On my first trip to the Alaska Range my partner and I chose a rarely climbed Alaskan Grade IV+ (6,000 ft+, 90 degree ice, rock to 5.8). My friends that had been to the range suggested something easier saying "Nobody does anything significant on their first trip to the Alaska Range". We trained hard all winter climbing technically difficult, big (5,0000 ft+) routes in the Cascades all winter and we made a sucessful, rare ascent of the route.

We learned everything we could about the route and found an extremely accomplished and well traveled climber who attempted the route the year before. (Jack Tackle and Doug Chabot said the route was much harder than they expected). He said the crux rock band was too difficult to free climb with packs and would either have to be aided or packs would need to be hauled. We did neither and pulled overhanging roofs, crampons scratching rocks, packs tugging us down. We both fell seconding pitches, but we did it.

My point is, learn everything you can about the route, take heed from experienced climbers, but don't let the doubters get you down.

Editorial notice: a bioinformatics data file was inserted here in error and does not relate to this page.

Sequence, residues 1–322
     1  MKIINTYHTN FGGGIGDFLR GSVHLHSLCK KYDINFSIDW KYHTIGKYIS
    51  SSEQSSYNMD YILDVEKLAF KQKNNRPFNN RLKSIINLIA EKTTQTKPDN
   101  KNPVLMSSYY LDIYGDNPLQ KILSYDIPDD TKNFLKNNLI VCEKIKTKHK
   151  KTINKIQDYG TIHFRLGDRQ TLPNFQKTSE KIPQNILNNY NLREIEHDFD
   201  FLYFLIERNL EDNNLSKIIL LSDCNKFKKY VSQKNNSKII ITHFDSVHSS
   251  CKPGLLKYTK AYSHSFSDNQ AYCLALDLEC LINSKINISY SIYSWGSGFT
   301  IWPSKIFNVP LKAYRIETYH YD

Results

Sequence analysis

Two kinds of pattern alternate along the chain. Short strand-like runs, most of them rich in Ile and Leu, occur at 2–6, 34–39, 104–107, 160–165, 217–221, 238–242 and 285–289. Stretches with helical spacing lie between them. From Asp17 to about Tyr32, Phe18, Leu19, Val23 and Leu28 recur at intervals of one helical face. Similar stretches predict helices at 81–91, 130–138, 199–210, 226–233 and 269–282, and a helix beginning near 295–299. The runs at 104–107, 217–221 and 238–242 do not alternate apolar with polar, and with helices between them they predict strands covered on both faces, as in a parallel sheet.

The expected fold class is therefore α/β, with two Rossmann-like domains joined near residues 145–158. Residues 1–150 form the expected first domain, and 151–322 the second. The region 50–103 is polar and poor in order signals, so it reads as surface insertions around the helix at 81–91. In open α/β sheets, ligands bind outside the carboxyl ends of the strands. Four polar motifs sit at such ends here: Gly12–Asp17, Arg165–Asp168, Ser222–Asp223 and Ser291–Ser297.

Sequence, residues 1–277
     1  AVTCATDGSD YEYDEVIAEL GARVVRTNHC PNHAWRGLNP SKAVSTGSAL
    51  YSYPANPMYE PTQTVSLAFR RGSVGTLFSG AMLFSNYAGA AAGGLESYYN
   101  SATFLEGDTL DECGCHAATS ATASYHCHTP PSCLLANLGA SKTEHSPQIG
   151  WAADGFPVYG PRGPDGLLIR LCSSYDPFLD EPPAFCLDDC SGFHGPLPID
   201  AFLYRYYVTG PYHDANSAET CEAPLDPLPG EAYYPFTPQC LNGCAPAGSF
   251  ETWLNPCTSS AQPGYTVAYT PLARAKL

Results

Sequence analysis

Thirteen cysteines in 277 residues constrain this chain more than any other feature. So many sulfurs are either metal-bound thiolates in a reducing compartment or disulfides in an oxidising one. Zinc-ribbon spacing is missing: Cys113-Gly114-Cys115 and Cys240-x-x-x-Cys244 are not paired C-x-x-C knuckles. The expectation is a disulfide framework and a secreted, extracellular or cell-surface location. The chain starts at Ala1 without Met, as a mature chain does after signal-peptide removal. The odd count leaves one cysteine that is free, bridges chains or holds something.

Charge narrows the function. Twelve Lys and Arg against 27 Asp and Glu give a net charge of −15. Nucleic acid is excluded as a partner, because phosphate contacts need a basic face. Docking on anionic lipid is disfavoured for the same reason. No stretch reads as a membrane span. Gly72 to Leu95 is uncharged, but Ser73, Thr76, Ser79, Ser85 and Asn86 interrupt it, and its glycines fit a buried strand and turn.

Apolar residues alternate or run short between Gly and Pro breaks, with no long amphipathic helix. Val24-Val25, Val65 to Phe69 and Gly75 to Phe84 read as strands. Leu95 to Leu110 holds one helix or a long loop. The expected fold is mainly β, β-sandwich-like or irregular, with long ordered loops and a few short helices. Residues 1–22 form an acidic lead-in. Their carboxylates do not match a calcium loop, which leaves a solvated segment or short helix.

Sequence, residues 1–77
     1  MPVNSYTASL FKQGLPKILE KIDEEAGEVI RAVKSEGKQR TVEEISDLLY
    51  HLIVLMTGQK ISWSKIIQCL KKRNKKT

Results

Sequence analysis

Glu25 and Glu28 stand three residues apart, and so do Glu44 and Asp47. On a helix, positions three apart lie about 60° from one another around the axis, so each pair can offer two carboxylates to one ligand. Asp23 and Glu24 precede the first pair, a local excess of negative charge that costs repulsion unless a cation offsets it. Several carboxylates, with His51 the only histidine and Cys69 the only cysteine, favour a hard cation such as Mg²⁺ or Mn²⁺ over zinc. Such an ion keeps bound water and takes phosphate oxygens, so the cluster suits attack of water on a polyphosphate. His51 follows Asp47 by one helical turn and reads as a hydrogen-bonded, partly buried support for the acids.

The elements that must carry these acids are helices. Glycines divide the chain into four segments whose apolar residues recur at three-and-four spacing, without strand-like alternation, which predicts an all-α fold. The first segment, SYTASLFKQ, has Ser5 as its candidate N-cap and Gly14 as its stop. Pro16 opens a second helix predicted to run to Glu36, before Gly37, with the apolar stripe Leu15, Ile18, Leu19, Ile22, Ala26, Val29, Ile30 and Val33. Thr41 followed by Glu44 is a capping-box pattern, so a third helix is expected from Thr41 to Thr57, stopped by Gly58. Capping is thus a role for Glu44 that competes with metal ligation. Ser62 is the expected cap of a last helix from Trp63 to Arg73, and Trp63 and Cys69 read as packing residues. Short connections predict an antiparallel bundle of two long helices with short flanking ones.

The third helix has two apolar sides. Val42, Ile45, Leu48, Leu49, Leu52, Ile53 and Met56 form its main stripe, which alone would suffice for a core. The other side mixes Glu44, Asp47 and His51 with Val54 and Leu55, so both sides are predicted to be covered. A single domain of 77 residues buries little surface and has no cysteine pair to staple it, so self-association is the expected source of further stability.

Now, here is my advice:
Fully acclimatize by climbing the West Buttress or Messner Couloir. Before arriving at 14k you will need to decide how you will approach the base of the Cassin. You have several options:

-Descend to 11k and approach via the NE Fork of the Kahiltna Glacier, A.K.A. 'The Valley of Death'. This is the least technical of options, plus you can cache all of your technical gear you don't need on the West Butt at 11k, however, the route is threatened by seracs and crevasses.

-From 14k descend the West Rib to the base of the Japanese Couloir. This is one of the quickest routes but is more technical. I have watched EXTREMELY talented and accomplished apinists turn around due to poor snow conditions.